Speaking truth to power: Akins’ leadership is destructive
It has pained me to see the effects of Mayor Julie Akins’ destructive leadership, yet I have kept my mouth and pen quiet abiding by my parents’ teachings: “If you can’t say something nice, say nothing at all.”
However, I cannot sit idly by any longer, not with the latest guest opinion by Akins titled “Keep democracy in our town,” printed in the Ashland Tidings on July 3.
Akins has created and contributed to a toxic work environment within Ashland City Hall. The indicators of a toxic work environment start with poor communication from the top, exclusion, bad leadership and high staff turnover and go on from there.
I have worked for all but two of Ashland’s city administrators since Brian Almquist retired in 1998. I have served many mayors and council members. This is truly one of the most dysfunctional periods in Ashland’s history. The change from city administrator to city manager has nothing to do with this toxicity.
Leadership starts at the top, but as the mayor pointed out, she has not “… been in the building in more than a year and (has) little to no contact with most staff members.” That translates to poor leadership and lack of communication.
The mayor’s comment, “... And no one who actually works at City Hall has said I’ve created toxicity …” is ludicrous. As a former employee, this is classic absurdity. No dedicated professional staff member concerned with their job would call out the mayor and risk being fired or severely chastised for making such a comment either privately or worse yet, publicly.
When the mayor was a City Council member, she never once made a scheduled session with me as the public works director, and schedules were rearranged several times to accommodate her needs. Councilor Akins rarely made assigned commission meetings that were meant to inform. She and others challenged me as a non-resident of Ashland (I live one mile outside city limits) saying that I did not care about raising rates because I did not have to pay them. My job, just as it is with the current, highly respected and professional public works director, was to provide the mayor and council with the facts and options to retain and maintain the city’s diverse, complex, yet aging infrastructure systems. Just because the mayor or a council member does not like or does not understand the solutions that are provided is not a reason to challenge personal integrity, mine or that of other devoted city staff.
My integrity, just as the integrity of every Ashland employee, especially those that come before the mayor and council to testify about the importance of public safety, public meeting rules, capital improvements, planning actions, utility services and other public services on behalf of the community, meant more to me than the back stabbing and personally disparaging remarks made by council members and members of the community. I left six months before my contract was to expire. I too, “retired” just as our very passionate, wise parliamentarian and city attorney has done, rather than deal with council and community members who do not care to learn the truth. Yes, we must step up and speak truth to power.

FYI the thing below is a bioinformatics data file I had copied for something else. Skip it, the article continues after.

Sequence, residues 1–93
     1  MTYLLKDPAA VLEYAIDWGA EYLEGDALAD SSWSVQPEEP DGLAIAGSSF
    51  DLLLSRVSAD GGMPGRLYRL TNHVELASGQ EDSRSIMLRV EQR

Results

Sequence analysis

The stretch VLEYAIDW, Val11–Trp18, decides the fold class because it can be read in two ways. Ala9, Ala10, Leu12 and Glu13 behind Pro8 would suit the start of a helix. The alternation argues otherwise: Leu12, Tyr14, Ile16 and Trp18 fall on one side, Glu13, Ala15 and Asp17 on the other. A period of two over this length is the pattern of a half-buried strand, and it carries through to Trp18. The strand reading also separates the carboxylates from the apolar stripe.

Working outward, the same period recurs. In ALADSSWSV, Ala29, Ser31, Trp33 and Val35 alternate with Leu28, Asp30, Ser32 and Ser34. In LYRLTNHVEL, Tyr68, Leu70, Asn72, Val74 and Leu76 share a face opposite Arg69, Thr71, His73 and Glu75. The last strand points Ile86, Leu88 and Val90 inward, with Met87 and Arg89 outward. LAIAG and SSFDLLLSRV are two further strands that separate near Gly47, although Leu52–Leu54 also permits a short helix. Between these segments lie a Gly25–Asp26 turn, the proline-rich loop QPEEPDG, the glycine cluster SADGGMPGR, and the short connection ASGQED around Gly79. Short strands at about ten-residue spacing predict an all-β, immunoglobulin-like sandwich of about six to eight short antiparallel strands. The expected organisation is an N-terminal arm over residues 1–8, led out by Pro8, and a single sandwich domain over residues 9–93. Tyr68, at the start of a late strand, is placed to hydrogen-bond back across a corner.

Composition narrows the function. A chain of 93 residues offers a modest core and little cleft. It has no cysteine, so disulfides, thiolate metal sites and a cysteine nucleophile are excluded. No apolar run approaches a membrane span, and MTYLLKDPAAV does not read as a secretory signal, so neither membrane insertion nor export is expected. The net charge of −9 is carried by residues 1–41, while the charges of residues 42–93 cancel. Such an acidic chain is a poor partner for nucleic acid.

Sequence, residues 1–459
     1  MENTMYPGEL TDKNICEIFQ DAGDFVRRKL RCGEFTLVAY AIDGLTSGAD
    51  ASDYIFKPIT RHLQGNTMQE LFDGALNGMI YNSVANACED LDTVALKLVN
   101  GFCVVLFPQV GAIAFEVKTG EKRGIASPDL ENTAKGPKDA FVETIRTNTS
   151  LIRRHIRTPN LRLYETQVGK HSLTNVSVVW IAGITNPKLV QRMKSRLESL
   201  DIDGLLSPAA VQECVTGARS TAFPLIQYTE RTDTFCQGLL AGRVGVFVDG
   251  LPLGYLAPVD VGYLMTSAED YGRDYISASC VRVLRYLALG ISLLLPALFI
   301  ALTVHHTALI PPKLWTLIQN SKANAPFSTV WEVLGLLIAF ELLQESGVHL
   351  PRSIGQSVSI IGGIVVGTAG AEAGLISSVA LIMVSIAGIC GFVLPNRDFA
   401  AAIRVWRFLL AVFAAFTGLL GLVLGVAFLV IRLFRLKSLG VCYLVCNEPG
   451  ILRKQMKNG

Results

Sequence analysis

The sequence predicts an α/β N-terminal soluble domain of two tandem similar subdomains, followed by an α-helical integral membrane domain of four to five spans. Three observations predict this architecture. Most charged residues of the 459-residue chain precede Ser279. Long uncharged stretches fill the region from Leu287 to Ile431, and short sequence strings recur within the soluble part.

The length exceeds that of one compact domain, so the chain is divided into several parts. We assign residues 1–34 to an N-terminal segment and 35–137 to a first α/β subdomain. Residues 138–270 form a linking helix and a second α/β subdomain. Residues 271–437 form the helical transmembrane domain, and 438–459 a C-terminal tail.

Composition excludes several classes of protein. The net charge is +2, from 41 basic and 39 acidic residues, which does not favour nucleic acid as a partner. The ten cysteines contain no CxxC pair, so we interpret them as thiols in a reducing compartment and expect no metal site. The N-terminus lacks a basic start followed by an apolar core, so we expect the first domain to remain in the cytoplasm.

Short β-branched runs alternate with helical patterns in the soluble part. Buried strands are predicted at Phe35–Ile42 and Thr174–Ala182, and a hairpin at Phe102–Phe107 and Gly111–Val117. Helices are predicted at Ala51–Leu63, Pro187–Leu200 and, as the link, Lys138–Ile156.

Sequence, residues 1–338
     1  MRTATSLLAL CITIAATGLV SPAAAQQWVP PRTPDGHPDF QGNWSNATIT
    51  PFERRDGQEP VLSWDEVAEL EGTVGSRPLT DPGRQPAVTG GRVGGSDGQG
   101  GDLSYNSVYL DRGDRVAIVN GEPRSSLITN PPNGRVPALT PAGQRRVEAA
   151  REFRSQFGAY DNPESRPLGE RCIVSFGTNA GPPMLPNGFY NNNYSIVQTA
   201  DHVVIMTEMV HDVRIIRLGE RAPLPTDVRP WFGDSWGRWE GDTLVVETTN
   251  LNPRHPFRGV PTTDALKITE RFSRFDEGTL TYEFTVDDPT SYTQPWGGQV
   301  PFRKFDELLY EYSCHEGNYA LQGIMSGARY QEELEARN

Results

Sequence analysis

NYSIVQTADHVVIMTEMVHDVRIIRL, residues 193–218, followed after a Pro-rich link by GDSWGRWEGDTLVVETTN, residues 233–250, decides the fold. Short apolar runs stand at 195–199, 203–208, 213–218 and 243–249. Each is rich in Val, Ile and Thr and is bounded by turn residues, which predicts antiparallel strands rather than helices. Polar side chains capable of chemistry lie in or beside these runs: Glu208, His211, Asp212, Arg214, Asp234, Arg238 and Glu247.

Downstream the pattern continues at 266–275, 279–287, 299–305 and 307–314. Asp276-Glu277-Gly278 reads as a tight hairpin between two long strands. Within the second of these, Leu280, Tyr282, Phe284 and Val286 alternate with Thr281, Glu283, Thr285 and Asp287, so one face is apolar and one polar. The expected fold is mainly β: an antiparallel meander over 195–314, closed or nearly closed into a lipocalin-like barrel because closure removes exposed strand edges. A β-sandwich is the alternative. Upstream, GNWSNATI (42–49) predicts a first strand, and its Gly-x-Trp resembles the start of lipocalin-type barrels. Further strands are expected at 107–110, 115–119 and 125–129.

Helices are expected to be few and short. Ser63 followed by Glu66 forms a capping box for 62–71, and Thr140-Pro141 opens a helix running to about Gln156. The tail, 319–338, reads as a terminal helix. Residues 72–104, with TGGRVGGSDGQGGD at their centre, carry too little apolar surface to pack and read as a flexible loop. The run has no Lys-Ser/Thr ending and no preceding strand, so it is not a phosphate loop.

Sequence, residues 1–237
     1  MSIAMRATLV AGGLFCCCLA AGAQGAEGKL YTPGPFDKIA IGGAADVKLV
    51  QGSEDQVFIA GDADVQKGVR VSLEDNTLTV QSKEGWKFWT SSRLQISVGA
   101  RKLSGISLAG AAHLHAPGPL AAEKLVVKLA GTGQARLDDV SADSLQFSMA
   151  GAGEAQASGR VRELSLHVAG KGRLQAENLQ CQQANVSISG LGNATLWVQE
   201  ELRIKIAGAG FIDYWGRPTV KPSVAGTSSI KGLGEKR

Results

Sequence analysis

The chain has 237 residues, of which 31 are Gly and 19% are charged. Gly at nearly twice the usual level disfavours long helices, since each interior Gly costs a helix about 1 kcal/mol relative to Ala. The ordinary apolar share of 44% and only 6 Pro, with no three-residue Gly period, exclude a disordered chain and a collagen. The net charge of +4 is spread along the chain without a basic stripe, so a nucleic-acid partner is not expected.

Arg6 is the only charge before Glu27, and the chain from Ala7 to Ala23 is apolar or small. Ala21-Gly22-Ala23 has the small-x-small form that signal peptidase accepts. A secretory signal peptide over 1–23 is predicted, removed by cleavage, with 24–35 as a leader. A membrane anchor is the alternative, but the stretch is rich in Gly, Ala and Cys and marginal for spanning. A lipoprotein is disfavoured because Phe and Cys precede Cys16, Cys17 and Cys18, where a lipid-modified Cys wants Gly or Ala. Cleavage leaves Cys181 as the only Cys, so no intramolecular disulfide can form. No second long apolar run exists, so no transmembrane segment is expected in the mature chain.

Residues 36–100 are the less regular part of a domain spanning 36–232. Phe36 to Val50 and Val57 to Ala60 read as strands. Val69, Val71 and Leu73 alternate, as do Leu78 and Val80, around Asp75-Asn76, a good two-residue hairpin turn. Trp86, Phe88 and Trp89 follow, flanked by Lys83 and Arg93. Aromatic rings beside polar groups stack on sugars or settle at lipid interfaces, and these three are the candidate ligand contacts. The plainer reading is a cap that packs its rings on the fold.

And yes, we will persevere and hopefully be better as a result, but it currently looks pretty grim for the dedicated staff at the city of Ashland. Three of their top managers are leaving within a span of 30 days; one other is being unfairly called out for doing her job in these uncertain times. Several other directors left over the past year, and even more line supervisors have left without fanfare. There have been no back-fills for several deputy positions and supervisors, so the remaining staff is being asked to do more, yet the mayor refers to this toxicity and subsequent exodus as “… questioning unbridled spending in a pandemic with a structural deficit and raising our fees and utility bills to pay for their caviar dreams.” Serving our community is not a caviar dream!
Yes, the mayor and council absolutely have the right to question spending, but it would be great if they would also listen to the needs, and abide by spending rules and revenue projections. Democracy allows us to disagree and freely give an opinion. I urge the mayor to please get some help so that she can have a truly informed opinion; one that could help Ashland move forward and be stronger. The mayor must not let her public opinion be shaped by those who have a misguided or misinformed agenda.
I have hope for my community. I have hope that Mayor Akins will lead and provide a better, more supportive, more collaborative mayor-council structure.
I truly thank the mayor and council members for stepping forward to serve our community.
Paula C. Brown was Ashland’s public works director from 1997 to 2008 and again from 2017 to 2020; she retired May 1, 2020. She is alsa a retired rear admiral, in the U.S. Navy Civil Engineer Corps.